Madoff and his Buddy, the Tax Collector

Chidem Kurdas

Bernard Madoff, it turns out, did a great favor to the US Treasury. All those fake returns he reported for years generated tax liabilities for his clients, who paid the Internal Revenue Service every year.

In March 2009, the IRS said Madoff investors and others who are victims of fraud can claim a theft-loss deduction for what they put in net of what they took out and compensation  from the Securities Investor Protection Corp., an organization created by Congress to give some compensation to clients of broker-dealers that go under. SIPC has a fund financed by levies on member broker-dealers.

But long-term Madoff investors paid billions of dollars in taxes on non-existent gains over time and just the compounded interest on those tax payments dwarfs the deduction.

Matthew Gluck, a lawyer with Milberg LLP, says he does not see any effort to get back the money paid in taxes that were not owed. Litigating against the government is difficult, he said, speaking at a conference by Capital Link.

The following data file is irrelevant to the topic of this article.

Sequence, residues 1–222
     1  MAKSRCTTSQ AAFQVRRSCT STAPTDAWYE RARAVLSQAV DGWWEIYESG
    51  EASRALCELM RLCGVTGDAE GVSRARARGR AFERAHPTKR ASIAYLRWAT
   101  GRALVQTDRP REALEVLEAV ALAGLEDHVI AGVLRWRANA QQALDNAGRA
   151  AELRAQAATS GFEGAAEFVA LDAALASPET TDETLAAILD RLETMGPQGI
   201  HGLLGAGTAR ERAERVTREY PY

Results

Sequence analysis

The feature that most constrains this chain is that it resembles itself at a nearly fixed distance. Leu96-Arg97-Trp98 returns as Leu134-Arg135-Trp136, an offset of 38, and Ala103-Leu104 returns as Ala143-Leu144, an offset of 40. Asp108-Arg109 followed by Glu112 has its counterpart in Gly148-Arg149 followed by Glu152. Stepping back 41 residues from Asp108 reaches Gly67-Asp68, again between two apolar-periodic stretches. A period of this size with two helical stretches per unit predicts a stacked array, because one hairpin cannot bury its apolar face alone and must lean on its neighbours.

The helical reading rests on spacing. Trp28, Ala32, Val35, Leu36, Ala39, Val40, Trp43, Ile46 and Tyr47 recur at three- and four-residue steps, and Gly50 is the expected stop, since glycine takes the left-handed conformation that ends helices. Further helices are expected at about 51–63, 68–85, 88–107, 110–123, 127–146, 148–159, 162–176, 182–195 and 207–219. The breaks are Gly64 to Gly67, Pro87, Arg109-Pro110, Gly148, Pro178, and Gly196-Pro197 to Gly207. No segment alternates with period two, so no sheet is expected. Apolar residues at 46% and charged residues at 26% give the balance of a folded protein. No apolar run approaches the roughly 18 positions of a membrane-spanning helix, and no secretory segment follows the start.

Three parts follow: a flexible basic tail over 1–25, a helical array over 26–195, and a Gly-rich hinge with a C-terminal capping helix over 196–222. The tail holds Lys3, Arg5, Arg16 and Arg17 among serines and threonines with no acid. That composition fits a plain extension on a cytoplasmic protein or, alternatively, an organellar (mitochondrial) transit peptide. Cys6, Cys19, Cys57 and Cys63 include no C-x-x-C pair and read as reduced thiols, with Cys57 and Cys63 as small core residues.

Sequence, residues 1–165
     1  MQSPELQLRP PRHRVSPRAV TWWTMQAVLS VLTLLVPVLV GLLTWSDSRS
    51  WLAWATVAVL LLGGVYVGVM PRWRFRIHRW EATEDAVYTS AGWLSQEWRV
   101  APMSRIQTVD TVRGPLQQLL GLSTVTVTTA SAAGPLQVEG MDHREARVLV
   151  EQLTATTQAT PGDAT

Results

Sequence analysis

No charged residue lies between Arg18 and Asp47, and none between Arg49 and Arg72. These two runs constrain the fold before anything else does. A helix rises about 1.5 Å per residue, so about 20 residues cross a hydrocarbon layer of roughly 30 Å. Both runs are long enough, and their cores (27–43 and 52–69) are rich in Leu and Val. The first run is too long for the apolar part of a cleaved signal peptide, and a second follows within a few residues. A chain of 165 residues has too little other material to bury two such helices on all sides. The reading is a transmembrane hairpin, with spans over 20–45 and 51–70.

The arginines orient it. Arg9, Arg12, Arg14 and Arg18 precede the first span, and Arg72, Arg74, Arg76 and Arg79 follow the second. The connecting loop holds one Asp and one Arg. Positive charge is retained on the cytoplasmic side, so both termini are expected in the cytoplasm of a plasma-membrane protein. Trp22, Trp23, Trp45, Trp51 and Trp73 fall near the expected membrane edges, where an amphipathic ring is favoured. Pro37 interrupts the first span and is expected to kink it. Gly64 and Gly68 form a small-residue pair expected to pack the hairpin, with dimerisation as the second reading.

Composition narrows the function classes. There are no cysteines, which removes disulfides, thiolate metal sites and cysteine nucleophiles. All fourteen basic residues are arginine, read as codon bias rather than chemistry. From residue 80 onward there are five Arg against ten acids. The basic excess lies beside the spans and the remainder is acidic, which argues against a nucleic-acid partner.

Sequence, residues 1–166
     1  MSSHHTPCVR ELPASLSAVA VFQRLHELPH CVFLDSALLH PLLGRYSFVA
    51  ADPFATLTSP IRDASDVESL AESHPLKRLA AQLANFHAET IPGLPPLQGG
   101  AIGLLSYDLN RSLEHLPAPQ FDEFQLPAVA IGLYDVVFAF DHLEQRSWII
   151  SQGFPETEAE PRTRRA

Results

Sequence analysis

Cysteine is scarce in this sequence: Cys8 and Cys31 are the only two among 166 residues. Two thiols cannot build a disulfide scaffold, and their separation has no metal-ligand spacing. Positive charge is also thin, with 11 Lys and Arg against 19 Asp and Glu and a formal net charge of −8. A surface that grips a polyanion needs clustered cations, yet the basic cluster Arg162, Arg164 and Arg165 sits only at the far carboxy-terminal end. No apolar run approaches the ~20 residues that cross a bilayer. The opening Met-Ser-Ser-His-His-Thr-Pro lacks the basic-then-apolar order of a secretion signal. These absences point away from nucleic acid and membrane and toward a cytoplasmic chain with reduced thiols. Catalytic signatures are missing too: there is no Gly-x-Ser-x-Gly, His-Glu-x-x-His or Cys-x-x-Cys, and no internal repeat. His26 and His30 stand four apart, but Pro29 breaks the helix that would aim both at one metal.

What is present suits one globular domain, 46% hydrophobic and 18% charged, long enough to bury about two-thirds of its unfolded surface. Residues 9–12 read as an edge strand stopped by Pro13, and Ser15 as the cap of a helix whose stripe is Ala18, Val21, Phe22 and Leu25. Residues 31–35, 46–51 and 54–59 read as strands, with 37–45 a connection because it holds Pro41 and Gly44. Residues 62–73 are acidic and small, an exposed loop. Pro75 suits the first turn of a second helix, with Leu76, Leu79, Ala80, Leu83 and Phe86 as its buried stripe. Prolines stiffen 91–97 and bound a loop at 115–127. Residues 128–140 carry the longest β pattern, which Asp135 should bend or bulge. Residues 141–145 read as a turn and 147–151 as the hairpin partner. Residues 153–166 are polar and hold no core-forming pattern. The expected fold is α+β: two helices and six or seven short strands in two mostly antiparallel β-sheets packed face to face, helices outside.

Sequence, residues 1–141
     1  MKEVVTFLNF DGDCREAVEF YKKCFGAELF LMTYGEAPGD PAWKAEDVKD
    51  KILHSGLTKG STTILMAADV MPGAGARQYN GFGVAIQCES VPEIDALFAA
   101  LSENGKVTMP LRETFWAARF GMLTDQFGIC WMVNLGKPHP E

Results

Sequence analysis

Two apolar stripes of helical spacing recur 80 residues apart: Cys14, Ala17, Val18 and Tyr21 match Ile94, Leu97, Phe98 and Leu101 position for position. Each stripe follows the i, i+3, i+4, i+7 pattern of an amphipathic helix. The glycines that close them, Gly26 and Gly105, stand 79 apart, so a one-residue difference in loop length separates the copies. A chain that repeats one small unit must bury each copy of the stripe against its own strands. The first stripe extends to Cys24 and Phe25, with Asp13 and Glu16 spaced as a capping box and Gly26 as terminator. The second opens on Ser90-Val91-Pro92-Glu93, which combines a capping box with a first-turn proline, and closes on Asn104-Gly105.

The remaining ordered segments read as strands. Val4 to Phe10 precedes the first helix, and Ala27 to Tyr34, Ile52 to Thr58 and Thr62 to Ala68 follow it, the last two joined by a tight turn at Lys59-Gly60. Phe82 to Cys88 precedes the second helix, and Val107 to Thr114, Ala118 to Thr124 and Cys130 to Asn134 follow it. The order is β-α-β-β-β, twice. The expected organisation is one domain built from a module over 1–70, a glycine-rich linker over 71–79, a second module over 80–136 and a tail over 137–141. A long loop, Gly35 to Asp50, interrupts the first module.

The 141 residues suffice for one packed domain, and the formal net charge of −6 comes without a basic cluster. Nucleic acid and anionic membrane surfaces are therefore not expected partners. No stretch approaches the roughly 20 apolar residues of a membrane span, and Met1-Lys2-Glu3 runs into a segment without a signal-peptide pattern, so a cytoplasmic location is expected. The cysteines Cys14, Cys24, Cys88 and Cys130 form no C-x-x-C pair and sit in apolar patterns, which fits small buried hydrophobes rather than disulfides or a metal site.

Other lawyers on the panel agreed. Suits against the government don’t go far, with exceptions for very specific situations, said William McGuiness of Fried, Frank, Harris, Shriver & Jacobson.

The Madoff trustee wants certain investors who withdrew their money before the collapse to give back the excess returns. These will go back into the common pot, which Mr. Gluck expects will have a total of  $1.4 billion to $1.5 billion to be eventually distributed to investors.

At least the SIPC is paying the trustee’s legal expenses, Mr. Gluck said. Otherwise the legal fees would eat up the estate. Meanwhile, some Madoff investors are suing SIPC.

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